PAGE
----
Turned out it was a GI supplementing his income by having sex with a (barely) legal Korean girl, who looked darn near pre-pubescent…and he was using his own computer, and a civilian dial-up account from ATT-Korea. She was eighteen, and they had all the paperwork, so it was legal.

The question of "is it still kiddy porn when it only pretends to be illegal?" we passed over to the Higher Headquarters folks back Stateside. We'd just let JAG figure it out. He wasn't claiming to be a military member, it was consensual sex, she was over eighteen…it turned my stomach, but…

OSI Field Offices are found at every base, but we are a tenant unit, not part of the Air Wing. The idea is, we don't work for the Wing Commander, so there's no conflict of interest.

If the "Wing King" wants to hide an investigation, it isn't going to happen, because he/she can't really apply effective pressure to quash us. It isn't a matter of Colonels who get caught doing wrong, as much as Colonels who try to hide scandals.

The down side of that is, OSI is usually the "red headed stepchild" on every base. At Kunsan, that meant we were in a pre-WWII building, originally built by the Imperial Japanese Air Force, and renovated multiple times since then.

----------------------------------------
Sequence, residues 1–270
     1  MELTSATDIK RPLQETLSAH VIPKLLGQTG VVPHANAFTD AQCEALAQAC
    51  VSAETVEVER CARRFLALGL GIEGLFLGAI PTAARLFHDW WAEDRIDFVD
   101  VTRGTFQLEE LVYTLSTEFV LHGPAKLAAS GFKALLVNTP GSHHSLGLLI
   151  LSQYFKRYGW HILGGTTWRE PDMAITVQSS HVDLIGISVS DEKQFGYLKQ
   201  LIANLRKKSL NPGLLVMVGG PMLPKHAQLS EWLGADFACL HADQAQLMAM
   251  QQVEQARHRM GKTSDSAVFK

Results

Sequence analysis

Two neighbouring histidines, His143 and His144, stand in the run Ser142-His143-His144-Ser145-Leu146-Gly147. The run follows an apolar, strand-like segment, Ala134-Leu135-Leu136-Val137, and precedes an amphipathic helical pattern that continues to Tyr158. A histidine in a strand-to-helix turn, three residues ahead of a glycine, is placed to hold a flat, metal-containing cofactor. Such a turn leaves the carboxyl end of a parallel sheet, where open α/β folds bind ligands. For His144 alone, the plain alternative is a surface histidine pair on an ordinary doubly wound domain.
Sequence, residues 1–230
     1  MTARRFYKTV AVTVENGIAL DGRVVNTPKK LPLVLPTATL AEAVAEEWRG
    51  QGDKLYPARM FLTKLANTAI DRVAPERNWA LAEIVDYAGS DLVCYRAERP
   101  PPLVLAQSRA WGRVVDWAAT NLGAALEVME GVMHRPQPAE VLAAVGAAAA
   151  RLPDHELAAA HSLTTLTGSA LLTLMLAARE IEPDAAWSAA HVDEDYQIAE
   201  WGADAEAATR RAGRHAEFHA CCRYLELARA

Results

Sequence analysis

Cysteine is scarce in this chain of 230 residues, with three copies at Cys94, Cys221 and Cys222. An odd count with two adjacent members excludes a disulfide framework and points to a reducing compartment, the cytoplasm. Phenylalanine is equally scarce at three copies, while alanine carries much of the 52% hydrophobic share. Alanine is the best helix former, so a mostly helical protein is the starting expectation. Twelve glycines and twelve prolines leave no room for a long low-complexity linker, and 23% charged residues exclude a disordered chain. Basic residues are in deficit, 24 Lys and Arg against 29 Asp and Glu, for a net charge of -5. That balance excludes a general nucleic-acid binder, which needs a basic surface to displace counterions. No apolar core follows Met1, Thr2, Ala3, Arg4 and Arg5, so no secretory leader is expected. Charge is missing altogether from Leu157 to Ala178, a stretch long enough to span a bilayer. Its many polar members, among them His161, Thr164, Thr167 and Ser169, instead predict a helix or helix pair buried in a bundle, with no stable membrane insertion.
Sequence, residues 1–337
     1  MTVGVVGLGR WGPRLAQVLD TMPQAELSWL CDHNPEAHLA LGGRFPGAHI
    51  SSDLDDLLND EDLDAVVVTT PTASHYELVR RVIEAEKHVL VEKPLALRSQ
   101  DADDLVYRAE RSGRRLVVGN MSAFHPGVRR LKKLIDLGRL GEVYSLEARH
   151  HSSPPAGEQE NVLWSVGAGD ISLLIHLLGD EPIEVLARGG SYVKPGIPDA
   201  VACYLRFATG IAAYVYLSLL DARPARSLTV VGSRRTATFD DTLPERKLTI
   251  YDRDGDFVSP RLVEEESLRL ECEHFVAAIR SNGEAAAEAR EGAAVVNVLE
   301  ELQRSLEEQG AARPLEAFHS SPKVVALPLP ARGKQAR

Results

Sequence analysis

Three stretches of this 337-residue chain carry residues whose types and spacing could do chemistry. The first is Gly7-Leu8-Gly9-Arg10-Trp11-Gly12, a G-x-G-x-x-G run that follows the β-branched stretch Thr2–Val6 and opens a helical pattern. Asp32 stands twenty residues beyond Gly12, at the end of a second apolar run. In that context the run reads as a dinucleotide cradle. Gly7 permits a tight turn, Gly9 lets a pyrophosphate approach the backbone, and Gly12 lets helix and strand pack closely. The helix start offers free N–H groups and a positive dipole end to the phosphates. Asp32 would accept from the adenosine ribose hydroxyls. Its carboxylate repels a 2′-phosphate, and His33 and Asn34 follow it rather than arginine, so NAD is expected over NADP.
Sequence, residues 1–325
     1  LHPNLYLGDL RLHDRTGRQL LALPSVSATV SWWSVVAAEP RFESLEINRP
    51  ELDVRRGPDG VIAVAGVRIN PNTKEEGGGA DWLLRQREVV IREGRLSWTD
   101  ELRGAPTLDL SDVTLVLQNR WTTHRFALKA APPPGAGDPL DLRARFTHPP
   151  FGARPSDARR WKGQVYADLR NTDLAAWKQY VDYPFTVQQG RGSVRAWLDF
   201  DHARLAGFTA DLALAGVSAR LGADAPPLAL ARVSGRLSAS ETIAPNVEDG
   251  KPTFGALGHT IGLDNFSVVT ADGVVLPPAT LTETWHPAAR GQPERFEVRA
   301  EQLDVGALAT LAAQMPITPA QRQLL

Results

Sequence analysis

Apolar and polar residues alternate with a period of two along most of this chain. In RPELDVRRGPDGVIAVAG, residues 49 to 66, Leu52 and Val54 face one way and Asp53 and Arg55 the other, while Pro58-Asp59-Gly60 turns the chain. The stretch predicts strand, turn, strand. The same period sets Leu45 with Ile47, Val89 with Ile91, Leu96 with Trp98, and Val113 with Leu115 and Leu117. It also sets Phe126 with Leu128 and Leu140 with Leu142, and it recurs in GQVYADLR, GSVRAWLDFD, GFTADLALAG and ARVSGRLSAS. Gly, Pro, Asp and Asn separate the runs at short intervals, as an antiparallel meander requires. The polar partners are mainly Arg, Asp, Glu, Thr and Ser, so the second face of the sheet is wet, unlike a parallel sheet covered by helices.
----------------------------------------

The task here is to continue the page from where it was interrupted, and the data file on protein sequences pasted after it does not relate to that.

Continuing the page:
I laugh when I watch the TV show "NCIS", because I've been on Navy Bases, and my counterparts in NCIS have the same problem. The folks on that TV show have all sorts of technical goodies – we had a phone line that went out every time it rained.

I looked at it once – it was copper conductors wrapped in paper and insulated with gutta-percha. In other words, per-WWII Imperial Japanese Phone System lines.

But, we made do. The OSI office at Kunsan was one special agent – me, Captain Jethro D. Crockett – and two agents, SSgt Larry Stewart, and Senior Airman Gilbert Hernandez…we were supposed to have an Airman for admin support, but that was chronically unfilled, and we usually made do with typing our reports ourselves on Microsoft Word 3, on Pentium III computers running Windows 3.1.

I mean, yeah, it was 1999, but – hey everybody else had Windows XP on Pentium IVs.